Food Connections Spotlight: Julie Kendrick
“I’ve been coming since the first mastodon leg was cooked over an open fire and someone said, ‘This is creamy, crunchy and family-friendly!’”
Julie Kendrick, freelance writer/journalist extraordinaire, is a familiar face at Food Connections. She’s penned countless compelling stories—many of them about food—for HuffPost, the Star Tribune and Takeout.com just to name a few.
But enough chat, let’s hear from the pro herself.
For those who don’t know, can you describe what you do for a living?
I talk to interesting people about what makes them interesting and then write about it. I’ve interviewed celebrities (Walter Mondale, Maria Shriver), celebrity chefs (Curtis Stone), community activists (Minneapolis’ own Rose McGee), farmers, ranchers and genetic scientists.
Has your writing process changed during social distancing?
Not a bit. I’m the laziest writer alive, so I’ve always tried to wriggle out of in-person interviews, which require driving, pants-wearing and smiling at people when I just want to listen and take notes. So, I’m still right where I’ve always been, doing what I always do — calling people from the spare bedroom upstairs, eternally thrilled when anyone is willing to talk to me. This afternoon, I talked with a man in Austin who owns a “sober” bar called Sans Bar. We talked about what it’s like to be a (currently shut down) black-owned business that serves the recovery community. That’s for a story in TheTakeout.com. Then I talked with a Minneapolis-based “death doula” (it’s a thing) about what a day is like for her, for a story on NextAvenue.com. When I talk to people in other places, I always ask them about the weather. It’s such a dumb thing to do, but people love it (it was 100+ degrees in Austin today, for example, a fact I would not have known had I not interviewed that sober bar guy).
What’s been your favorite takeout meal?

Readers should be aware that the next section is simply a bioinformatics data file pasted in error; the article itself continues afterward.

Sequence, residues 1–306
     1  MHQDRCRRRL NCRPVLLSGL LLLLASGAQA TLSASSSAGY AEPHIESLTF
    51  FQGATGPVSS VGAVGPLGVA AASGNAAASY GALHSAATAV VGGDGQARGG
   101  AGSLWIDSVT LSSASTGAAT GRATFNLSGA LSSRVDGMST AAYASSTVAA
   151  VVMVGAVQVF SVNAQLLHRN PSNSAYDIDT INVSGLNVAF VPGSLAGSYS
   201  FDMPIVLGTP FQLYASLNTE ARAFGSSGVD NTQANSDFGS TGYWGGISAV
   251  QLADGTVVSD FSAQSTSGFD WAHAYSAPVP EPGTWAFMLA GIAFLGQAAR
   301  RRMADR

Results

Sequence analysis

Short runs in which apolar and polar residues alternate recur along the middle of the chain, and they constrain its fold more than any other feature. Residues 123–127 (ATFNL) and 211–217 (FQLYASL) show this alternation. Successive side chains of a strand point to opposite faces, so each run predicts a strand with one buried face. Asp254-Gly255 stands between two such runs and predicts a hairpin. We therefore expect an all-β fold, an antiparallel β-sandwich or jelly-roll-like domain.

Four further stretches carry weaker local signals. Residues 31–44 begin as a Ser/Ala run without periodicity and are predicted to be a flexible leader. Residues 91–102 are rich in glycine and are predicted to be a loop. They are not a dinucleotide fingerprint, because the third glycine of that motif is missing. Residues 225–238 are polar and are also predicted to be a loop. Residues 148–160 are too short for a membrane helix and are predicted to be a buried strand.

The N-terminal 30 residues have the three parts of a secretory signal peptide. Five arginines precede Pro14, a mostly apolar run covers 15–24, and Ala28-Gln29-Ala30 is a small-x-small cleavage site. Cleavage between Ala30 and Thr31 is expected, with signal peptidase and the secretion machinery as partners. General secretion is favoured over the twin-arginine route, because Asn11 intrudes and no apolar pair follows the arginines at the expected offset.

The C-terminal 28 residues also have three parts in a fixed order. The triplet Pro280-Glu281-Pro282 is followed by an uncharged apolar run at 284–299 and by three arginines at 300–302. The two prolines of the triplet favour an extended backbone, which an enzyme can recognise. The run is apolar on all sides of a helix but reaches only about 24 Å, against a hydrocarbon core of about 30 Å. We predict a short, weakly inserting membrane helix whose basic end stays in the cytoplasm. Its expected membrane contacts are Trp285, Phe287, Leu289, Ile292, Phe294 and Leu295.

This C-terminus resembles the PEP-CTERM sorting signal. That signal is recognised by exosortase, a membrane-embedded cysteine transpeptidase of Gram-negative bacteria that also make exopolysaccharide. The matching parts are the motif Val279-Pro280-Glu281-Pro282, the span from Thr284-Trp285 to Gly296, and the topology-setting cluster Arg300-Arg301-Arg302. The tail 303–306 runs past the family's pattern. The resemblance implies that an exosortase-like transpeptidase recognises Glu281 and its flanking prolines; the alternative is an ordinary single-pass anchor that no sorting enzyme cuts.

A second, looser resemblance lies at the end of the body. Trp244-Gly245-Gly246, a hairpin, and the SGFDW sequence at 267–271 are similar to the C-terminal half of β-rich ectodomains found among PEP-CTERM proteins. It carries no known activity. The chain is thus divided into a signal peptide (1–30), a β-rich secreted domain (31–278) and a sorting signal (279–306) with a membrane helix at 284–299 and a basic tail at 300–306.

No takeout, ever. No restaurant meals either, even before. In addition to being lazy, I’m also incredibly cheap. Man, you’re a tough interviewer — I’m really baring my soul here.
What have you been cooking lately?
This Sunday, I made English muffins (using the recipe from the Tartine cookbook, on loan from the library) and used them as a base for Eggs Benedict. The 2-minute Hollandaise from J. Kenji Lopez-Alt at Serious Eats is so easy and good; you just need a jar and an immersion blender.
Thanks to inspiration from IN Food’s resident culinary genius Lori Gerdts, I’ve been making tons of sourdough crackers, using Sunrise Mills heritage flour (taken out in trade for writing the new back-of-label copy on their bags).
I’m always making a new batch of kombucha or sauerkraut to put in my fermenting crock. I make, parbake and freeze individual sourdough pizza crusts, and I’d say at least one pizza gets made here just about every day, using homemade tomato sauce, or, just recently, pesto made from basil from the garden.
And, almost every night, someone makes popcorn in the Whirley Pop. It’s the best dinner ever.
When did you decide that you wanted to make a living as a writer?
Early in my career, I worked in agencies as a copywriter. Then I started leading presentation teams, so all I wrote was introductions (“Thank you so much for the opportunity to present our pack of lies to you today …”). I did that a lot, back in the days when submitting something online scared people, at least the delicate, creative flowers at the agencies where I worked. I became an expert at hitting the “submit” button and not hyperventilating.
When the economy crashed, all that business went away. (Earnings for the month of December, 2008 = $200. Fun, familiar times). I was volunteering for a youth theater, trying to get coverage about a bullying prevention play they were doing. I approached the editor of MN Parent magazine and offered to write a story about the play for free. She took me up on my offer, and after that she started offering me assignments. I was astounded that someone would pay me to talk to a person and write about it. One thing led to another, and I’ve been a freelance writer for 17 years.